It's Steve. Thanks for the question. Look, I think we're closer for two reasons. One, we're another quarter through the Change Program and building confidence in our -- in the capabilities we're building and the -- and our execution team.

And we think that the further we get along that journey, the more of an advantage to acquire we will be. And so we're making good progress there. And second, as you say, there's been some pretty significant changes in public valuations and potentially toward the end of this year, private technology-related valuations. So I think both of those two things provide us with some optimism that we'll be able to do one or more acquisitions that are additive to the customer experience that we provide.

Mike Eastwood -- Chief Financial Officer

Yes. Vince, I'll just supplement it as a reminder to everyone, the first tranche of the LSEG state, the lockup expires Q1 2023. As we've previously stated, it's our intent to monetize the first da, which is approximately one-third in Q1 '23. The second item I would emphasize, Vince, as Steve mentioned in his prepared remarks, depending on the cadence or sequencing of acquisitions, we still have the option of considering additional share buybacks comparable to what we did in 2021.

Vince Valentini -- TD Securities -- Analyst

Can I just clarify one thing you said, Steve, that public valuations have come down, you're expecting private valuations could come down later this year. Does that imply you haven't seen them come down yet?

Steve Hasker -- Chief Executive Officer

Well, there's always a gap between the sort of the expectations of sellers, which tend to lag and the expectations of buyers, which sort of pricing any declines pretty quickly. So we haven't seen any significant transactions that would indicate just yet that, that correction has occurred, but we think it might.


And the next question is coming from Heather Balsky from Bank of America.

Heather Balsky -- Bank of America Merrill Lynch -- Analyst

Can you share some color in terms of the demand you're seeing from your customer base in legal and accounting as well? And there's general concern about sort of state of the economy and things slowing with rising rates. I'm curious just sort of what you've seen in the past in terms of your customers' demands in a slower economic environment.

Steve Hasker -- Chief Executive Officer

Yes. Heather, let me start. It's Steve. Let me start, and perhaps Mike can provide some more historical context because he was at TR during the '08-'09 financial crisis.

We continue -- I alluded to this in my remarks. We continue to see robust demand for our solutions in all Big 3 segments. And it's really being driven by a need to automate and simplify their workflows and access content that gives them a competitive advantage and allows them to be more efficient and effective in their work. And sort of coming through and coming out of COVID, that trend continues unabated.

So far, the sort of turbulence in the broader geopolitical and macroeconomic environment has not translated into any softening of that demand in any of the three segments. And I'd just point to the fact that 80% of our revenues are recurring. And so that gives us, I think, real confidence through the rest of this year and justification for raising our revenue guidance. So of all of the businesses you follow, we're in a robust category because of that 80% revenue recurring revenue.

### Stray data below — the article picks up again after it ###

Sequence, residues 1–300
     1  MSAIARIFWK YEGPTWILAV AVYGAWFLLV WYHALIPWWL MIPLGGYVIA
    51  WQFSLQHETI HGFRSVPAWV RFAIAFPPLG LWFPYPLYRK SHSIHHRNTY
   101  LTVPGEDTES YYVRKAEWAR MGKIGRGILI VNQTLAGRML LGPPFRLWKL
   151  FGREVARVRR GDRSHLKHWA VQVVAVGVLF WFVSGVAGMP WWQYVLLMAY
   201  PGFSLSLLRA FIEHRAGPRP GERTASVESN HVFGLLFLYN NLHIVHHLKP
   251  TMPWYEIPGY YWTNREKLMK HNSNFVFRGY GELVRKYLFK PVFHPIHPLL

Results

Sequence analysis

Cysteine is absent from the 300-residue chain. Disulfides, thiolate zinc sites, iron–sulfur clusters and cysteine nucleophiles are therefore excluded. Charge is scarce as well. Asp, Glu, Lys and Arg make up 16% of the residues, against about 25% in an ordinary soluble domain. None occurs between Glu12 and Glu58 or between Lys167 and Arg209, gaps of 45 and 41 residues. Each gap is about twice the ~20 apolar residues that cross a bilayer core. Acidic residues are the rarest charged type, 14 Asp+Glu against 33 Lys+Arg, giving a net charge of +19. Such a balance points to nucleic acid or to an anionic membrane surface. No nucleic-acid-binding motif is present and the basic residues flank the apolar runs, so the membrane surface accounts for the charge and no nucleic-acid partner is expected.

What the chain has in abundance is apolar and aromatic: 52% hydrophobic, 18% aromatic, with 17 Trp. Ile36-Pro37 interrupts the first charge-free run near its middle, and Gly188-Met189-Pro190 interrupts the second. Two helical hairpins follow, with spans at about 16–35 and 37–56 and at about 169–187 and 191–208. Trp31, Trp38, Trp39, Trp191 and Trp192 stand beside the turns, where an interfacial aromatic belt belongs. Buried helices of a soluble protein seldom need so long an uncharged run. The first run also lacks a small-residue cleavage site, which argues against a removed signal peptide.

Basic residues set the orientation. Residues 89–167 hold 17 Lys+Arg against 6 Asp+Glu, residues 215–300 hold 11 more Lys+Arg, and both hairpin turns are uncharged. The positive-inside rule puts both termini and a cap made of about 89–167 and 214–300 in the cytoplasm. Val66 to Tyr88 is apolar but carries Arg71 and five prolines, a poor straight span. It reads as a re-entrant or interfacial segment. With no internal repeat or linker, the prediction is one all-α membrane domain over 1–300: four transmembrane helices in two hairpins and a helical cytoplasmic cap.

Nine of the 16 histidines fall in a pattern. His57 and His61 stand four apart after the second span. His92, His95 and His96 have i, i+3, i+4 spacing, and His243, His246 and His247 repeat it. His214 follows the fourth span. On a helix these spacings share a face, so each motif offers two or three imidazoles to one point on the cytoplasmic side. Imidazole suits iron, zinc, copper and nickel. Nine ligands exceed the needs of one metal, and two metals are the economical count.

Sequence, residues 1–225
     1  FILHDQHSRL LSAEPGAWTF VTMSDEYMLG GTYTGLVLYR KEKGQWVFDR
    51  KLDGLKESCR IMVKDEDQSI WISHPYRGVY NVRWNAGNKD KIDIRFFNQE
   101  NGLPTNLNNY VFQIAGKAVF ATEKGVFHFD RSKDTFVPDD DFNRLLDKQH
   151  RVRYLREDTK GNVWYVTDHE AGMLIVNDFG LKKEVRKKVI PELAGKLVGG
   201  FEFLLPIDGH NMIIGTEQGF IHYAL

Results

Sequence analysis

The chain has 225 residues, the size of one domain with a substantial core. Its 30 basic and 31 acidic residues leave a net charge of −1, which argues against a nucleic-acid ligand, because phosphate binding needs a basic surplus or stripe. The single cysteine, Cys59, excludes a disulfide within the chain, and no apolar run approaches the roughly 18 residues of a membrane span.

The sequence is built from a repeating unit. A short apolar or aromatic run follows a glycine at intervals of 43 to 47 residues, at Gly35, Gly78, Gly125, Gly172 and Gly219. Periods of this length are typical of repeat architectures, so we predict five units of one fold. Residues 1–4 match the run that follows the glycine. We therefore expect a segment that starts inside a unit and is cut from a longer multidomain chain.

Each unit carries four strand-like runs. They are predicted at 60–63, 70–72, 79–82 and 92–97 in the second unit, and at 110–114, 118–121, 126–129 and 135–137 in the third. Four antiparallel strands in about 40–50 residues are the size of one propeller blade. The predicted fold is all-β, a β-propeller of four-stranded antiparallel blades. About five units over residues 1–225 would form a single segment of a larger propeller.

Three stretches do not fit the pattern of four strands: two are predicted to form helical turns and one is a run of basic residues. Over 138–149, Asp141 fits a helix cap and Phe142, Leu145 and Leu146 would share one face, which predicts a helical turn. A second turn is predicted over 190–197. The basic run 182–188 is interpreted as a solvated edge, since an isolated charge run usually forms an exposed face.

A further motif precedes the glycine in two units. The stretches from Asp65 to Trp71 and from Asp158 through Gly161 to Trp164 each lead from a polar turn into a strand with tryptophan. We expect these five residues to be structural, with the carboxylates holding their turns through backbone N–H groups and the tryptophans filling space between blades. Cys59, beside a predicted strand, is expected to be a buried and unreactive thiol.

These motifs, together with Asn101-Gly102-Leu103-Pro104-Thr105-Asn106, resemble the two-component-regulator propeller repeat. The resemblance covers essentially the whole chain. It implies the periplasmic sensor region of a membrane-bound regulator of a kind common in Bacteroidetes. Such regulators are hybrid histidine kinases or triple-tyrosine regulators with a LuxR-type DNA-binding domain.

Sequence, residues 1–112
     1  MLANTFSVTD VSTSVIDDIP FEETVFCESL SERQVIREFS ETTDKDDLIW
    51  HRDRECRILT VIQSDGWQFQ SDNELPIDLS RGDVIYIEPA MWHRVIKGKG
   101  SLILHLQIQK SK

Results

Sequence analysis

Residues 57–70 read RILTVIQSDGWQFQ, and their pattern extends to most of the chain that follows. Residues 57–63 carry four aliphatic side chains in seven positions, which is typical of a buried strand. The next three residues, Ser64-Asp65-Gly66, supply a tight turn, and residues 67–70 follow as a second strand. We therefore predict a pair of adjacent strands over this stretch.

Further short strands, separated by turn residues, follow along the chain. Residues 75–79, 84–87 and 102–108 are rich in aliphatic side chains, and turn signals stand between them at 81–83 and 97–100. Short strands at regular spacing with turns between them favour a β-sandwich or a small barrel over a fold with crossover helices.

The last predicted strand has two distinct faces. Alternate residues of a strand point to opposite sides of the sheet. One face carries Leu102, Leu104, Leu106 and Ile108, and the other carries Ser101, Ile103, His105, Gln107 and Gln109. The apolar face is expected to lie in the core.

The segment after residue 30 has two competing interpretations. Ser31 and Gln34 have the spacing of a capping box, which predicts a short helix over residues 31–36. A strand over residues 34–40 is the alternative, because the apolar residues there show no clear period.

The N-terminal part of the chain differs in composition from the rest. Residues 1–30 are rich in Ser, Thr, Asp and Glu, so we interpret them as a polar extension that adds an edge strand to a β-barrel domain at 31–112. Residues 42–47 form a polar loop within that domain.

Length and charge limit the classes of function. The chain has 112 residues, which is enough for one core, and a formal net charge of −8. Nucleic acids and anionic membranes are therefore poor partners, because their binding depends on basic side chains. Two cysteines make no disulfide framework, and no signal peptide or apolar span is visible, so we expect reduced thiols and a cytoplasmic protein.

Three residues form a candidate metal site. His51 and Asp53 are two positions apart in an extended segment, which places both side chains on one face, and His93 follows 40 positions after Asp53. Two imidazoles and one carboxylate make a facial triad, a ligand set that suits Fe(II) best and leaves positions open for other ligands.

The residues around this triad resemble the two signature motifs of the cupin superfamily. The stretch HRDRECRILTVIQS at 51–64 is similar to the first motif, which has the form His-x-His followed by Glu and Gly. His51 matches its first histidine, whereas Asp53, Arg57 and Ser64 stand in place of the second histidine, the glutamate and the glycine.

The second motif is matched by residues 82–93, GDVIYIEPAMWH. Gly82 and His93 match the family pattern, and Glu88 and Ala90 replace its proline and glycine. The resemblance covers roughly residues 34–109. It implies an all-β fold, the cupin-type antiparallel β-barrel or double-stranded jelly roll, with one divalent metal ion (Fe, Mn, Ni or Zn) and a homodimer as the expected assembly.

But let me ask Mike to supplement based on our historical experience through difficult economic times.

Mike Eastwood -- Chief Financial Officer

Heather, I'd additional two points, in addition to Steve's point on 80% recurring growth, the key factor with that 80% recurring is about multiyear contracts. As a reminder, approximately 60% of our Legal revenue is under multiyear contracts; about 40% of our corporates revenue, multiyear; and 10% of tax and accounting is multiyear. That's a key point. The second point, Heather, we saw really strong Q1 net sales.

And thus far, early indicators of a strong April results there. So based on that, Heather, remain positive. We'll have to continue to monitor it, obviously, throughout Q2 and the full year. But I think the strength of our multiyear contract certainly helps us.

Heather Balsky -- Bank of America Merrill Lynch -- Analyst

And a follow-up question on the margin guide. You talked about inflation being one of the factors that led you to maintain at this quarter for the full year. Curious as sort of your ability to take price against that. And is it a timing issue? I'm just curious sort of what's going on there.

Mike Eastwood -- Chief Financial Officer

Yes. Certainly, Heather. In regards to the margin, I'll mention a few items. You touched on the potential for inflationary headwinds.

But another key factor business is to support our customers. That's something that we'll continue to assess. Specifically in regards to inflation, I'll touch on two aspects: pricing that you mentioned; I'll also add some color in rear in regards to the cost side. On pricing, our pricing in Q1 was fairly consistent with prior years.

It was up slightly, but the strength of the revenue was really the underlying performance of the business. So a slight uptick in pricing. As we go through the full year, our current estimate is a slight uptick versus 2021, but not hugely significant. As a reference point in 2021, our price increases, which vary by segment.

tax and accounting was 5%; our corporate segment, 3%; in legal, 2.5%, yielding the weighted average there. On the cost side, we did provide higher merit increases in April of this year, which is our annual increase there. And if you look at the supply -- traditional supply chain impact, our print business, we refer to it as the 3Ps: print, paper and postage. Certainly, we're seeing higher price and costs there in the print business, which is about 10% of our total revenue.